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Methods Mol Biol. 2011;764:317-35. doi: 10.1007/978-1-61779-188-8_21.

Inhibition of human papillomavirus expression using DNAzymes.

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Laboratorio de Terapia Génica, Departamento de Genética y Biología Molecular, CINVESTAV, Av. IPN 2508, México D.F., 07360, México.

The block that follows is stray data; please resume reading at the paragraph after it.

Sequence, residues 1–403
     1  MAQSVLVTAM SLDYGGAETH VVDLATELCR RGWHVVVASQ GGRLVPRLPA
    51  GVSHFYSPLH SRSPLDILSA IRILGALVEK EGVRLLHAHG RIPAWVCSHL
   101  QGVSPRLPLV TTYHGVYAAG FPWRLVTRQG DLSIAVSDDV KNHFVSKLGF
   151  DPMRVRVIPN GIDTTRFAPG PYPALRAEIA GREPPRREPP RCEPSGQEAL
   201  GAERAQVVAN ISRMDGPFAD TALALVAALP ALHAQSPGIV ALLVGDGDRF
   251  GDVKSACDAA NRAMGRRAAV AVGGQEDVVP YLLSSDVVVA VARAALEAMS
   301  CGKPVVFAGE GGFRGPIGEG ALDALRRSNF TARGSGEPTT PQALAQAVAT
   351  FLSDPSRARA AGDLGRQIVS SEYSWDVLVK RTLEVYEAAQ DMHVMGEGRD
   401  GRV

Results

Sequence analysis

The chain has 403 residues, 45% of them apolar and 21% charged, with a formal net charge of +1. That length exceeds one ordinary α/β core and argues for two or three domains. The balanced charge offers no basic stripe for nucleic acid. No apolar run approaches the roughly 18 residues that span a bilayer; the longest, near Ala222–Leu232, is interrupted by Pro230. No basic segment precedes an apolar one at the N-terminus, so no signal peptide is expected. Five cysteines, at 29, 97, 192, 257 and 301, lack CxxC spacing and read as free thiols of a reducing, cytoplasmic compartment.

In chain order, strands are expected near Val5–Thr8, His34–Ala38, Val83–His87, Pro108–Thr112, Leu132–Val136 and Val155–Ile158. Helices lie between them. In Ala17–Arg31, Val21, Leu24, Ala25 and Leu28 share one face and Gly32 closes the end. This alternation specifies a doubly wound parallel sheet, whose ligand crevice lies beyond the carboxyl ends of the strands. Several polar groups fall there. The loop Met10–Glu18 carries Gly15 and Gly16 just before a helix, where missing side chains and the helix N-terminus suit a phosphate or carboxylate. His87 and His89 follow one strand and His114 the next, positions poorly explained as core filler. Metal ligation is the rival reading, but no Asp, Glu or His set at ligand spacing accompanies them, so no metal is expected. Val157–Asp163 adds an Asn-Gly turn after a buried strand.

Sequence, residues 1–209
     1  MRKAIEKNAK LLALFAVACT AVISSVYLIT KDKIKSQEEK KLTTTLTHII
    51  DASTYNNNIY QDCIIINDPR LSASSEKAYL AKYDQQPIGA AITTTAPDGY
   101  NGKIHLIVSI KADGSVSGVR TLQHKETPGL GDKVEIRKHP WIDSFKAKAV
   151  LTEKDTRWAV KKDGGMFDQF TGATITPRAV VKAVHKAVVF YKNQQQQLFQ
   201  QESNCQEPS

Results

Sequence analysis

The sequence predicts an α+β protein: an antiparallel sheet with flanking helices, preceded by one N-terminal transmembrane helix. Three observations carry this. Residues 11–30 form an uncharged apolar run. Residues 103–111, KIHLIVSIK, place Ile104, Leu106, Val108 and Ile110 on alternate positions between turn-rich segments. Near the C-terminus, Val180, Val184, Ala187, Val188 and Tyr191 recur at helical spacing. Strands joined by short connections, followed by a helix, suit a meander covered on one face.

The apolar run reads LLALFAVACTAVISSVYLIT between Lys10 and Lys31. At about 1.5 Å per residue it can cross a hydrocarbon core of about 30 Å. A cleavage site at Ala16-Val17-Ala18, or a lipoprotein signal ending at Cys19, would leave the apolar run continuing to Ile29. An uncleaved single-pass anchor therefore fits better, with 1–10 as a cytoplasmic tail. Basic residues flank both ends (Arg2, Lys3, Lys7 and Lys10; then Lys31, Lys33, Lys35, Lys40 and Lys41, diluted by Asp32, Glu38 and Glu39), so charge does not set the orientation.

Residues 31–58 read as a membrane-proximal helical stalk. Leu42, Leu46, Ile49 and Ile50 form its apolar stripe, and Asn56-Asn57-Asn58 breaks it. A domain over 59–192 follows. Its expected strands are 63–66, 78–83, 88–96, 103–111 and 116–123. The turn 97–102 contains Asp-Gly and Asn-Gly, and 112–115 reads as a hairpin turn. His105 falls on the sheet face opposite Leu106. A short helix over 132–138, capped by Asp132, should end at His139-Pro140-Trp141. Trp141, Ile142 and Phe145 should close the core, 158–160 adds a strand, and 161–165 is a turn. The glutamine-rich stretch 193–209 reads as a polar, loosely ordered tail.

Deoxyribozymes (DXZs) are catalytic oligodeoxynucleotides capable of performing diverse functions including the specific cleavage of a target RNA. These molecules represent a new type of therapeutic oligonucleotides combining the efficiency of ribozymes and the intracellular endurance and simplicity of modified antisense oligonucleotides. Commonly used DXZs include the 8-17 and 10-23 motifs, which have been engineered to destroy disease-associated genes with remarkable efficiency. Targeting DXZs to disease-associated transcripts requires extensive biochemical testing to establish target RNA accessibility, catalytic efficiency, and nuclease sensibility. The usage of modified nucleotides to render nuclease-resistance DXZs must be counterweighted against deleterious consequences on catalytic activity. Further intracellular testing is required to establish the effect of microenvironmental conditions on DXZ activity and off-target issues. Application of modified DXZs to cervical cancer results in specific growth inhibition, cell death, and apoptosis. Thus, DXZs represent a highly effective antisense moiety with minimal secondary effects.

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